Food - Snacks/lunch will keep you going as you burn energy walking or climbing. Nuts, seeds, and chocolate are favorites on the trail.
Sunscreen and insect repellent
Rain Gear and Extra Clothing - Rain happens. So does cold. Be prepared for changing weather. Avoid cotton--it traps water against your skin and is slow to dry. If you are wearing wet cotton and must return to your starting point, you risk getting chills that may lead to a dangerous hypothermia. Choose synthetic shirts, sweaters and/or vests and dress in layers for easy on and off.
Compass - A simple compass is all you need to orient you and your map to magnetic north.
Light - A flashlight or small, lightweight headlamp will be welcome gear if you find yourself still on the trail when darkness falls. Check the batteries before you start out and have extras in your pack.
First Aid Kit - Keep it simple, compact, and weatherproof. Know how to use the basic components.
Firestarter and Matches - In an emergency, you may need to keep yourself or someone else warm until help arrives. A firestarter (this could be as simple as leftover birthday candles that are kept inside a waterproof container) and matches (again, make sure to keep them in a waterproof container) could save a life.
Knife or Multi-tool - You may need to cut a piece of moleskin to put over a blister, repair a piece of broken equipment, or solve some other unexpected problem.
Emergency Numbers - Know the emergency numbers for the area you're going to and realize that in many locations--especially mountainous ones, your phone will not get reception.
Common Sense - Pay attention to your environment, your energy, and the condition of your companions. Has the weather turned rainy? Is daylight fading? Did you drink all your water? Did your companion fail to bring rain gear? Are you getting tired? Keep in mind that until you turn around you are (typically) only half-way to completing your hike--you must still get back to where you started from! (Exceptions are loop hikes.)
Check the weather forecast before you head out. Know the rules and regulations of the area.
The Leave No Trace Seven Principles
- Know the regulations and special concerns for the area you'll visit.
- Prepare for extreme weather, hazards, and emergencies.
- Schedule your trip to avoid times of high use.
- Visit in small groups when possible. Consider splitting larger groups into smaller groups.
- Repackage food to minimize waste.
- Use a map and compass to eliminate the use of marking paint, rock cairns or flagging.
- Durable surfaces include established trails and campsites, rock, gravel, dry grasses or snow.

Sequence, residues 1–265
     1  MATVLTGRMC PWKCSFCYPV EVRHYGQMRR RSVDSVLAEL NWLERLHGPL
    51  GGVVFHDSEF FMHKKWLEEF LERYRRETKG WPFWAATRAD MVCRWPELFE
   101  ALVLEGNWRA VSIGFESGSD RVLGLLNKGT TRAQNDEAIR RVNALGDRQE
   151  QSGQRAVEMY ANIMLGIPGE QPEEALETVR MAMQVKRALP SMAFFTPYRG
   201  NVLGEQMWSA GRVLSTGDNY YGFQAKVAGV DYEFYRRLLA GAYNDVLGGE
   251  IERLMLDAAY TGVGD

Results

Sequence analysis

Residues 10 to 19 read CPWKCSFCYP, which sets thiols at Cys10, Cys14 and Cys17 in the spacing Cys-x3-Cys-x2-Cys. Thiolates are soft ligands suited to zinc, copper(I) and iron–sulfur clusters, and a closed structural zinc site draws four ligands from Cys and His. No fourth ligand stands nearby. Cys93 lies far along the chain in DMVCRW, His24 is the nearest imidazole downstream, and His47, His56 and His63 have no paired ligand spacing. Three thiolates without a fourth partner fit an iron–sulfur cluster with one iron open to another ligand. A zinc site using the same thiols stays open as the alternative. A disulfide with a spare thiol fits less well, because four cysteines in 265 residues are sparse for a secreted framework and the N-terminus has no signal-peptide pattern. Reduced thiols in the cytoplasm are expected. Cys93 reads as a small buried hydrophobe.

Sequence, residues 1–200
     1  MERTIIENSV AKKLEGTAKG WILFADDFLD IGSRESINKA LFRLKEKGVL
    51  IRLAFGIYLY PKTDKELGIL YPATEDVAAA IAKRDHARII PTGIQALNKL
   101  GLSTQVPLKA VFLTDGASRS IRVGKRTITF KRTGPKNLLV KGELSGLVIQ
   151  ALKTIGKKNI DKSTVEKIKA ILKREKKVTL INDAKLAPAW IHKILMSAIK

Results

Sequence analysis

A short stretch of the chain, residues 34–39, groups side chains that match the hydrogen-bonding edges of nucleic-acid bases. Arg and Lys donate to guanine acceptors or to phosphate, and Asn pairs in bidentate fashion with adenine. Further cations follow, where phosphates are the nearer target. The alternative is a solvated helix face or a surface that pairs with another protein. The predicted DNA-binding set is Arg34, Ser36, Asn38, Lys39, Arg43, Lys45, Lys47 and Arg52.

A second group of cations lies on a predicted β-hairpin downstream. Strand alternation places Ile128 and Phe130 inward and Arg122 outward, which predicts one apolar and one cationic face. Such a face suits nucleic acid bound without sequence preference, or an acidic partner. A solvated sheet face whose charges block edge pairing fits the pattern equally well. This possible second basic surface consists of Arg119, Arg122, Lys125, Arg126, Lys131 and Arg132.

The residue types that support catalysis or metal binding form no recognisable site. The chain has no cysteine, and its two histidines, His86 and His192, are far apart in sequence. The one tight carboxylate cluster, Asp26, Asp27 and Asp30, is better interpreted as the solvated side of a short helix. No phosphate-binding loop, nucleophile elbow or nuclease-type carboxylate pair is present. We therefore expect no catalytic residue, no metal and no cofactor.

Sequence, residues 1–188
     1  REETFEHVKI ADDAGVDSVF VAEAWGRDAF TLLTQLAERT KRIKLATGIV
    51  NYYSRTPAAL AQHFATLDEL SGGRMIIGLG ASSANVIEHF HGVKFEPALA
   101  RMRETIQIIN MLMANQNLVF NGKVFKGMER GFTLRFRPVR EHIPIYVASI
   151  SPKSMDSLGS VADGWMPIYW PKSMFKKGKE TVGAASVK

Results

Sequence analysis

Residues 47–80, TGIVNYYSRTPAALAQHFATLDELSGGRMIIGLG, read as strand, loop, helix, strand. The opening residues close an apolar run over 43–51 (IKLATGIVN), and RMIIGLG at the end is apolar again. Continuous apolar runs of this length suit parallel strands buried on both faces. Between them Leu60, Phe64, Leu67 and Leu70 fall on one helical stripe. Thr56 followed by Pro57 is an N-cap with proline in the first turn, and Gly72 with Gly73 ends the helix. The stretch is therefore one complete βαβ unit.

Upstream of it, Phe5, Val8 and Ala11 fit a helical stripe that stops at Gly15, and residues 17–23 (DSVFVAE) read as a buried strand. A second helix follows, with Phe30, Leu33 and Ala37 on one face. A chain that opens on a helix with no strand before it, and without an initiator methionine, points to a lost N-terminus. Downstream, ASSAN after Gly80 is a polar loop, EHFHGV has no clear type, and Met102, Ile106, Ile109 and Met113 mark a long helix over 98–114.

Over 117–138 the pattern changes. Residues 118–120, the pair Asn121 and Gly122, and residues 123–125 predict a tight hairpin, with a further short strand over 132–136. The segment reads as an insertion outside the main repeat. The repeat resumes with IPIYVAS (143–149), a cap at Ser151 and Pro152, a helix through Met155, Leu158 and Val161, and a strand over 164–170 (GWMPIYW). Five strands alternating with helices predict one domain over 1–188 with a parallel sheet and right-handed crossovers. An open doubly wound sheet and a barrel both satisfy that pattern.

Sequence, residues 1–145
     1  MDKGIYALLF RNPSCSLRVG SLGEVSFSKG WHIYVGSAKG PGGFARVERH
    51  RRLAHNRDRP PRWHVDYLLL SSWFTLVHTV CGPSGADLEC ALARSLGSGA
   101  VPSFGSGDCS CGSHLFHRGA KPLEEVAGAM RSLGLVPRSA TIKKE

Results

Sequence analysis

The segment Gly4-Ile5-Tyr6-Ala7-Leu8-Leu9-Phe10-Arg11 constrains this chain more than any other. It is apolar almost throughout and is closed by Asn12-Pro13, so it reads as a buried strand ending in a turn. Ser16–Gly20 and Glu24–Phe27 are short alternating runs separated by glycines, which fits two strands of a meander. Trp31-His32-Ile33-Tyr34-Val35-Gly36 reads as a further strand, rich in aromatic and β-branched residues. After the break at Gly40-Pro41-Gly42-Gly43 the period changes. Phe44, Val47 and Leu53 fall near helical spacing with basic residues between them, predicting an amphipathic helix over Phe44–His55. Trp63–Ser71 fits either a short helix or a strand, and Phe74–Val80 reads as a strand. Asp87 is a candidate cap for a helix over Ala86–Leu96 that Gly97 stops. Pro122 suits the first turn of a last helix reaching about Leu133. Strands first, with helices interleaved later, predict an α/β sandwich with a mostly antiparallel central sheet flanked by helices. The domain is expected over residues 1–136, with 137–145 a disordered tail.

- Protect riparian areas by camping at least 200 feet from lakes and streams.
- Good campsites are found, not made. Altering a site is not necessary.
- In popular areas:
- Concentrate use on existing trails and campsites.
- Walk single file in the middle of the trail, even when wet or muddy.
- Keep campsites small. Focus activity in areas where vegetation is absent.
- In pristine areas:
- Disperse use to prevent the creation of campsites and trails.
- Avoid places where impacts are just beginning.
- Pack it in, pack it out. Inspect your campsite and rest areas for trash or spilled foods. Pack out all trash, leftover food and litter.
- Deposit solid human waste in catholes dug 6 to 8 inches deep, at least 200 feet from water, camp and trails. Cover and disguise the cathole when finished.
- Pack out toilet paper and hygiene products.
- To wash yourself or your dishes, carry water 200 feet away from streams or lakes and use small amounts of biodegradable soap. Scatter strained dishwater.
- Preserve the past: examine, but do not touch cultural or historic structures and artifacts.
- Leave rocks, plants and other natural objects as you find them.
- Avoid introducing or transporting non-native species.
- Do not build structures, furniture, or dig trenches.
- Campfires can cause lasting impacts to the backcountry. Use a lightweight stove for cooking and enjoy a candle lantern for light.
- Where fires are permitted, use established fire rings, fire pans, or mound fires.
- Keep fires small. Only use sticks from the ground that can be broken by hand.
- Burn all wood and coals to ash, put out campfires completely, then scatter cool ashes.
- Observe wildlife from a distance. Do not follow or approach them.
- Never feed animals. Feeding wildlife damages their health, alters natural behaviors, and exposes them to predators and other dangers.
- Protect wildlife and your food by storing rations and trash securely.
- Control pets at all times, or leave them at home.
- Avoid wildlife during sensitive times: mating, nesting, raising young, or winter.
- Respect other visitors and protect the quality of their experience.
- Be courteous. Yield to other users on the trail.
- Step to the downhill side of the trail when encountering pack stock.
- Take breaks and camp away from trails and other visitors.
- Let nature's sounds prevail. Avoid loud voices and noises.
The Trail Conference is a 2015 Leave No Trace partner.
(c) Leave No Trace Center for Outdoor Ethics: www.LNT.org.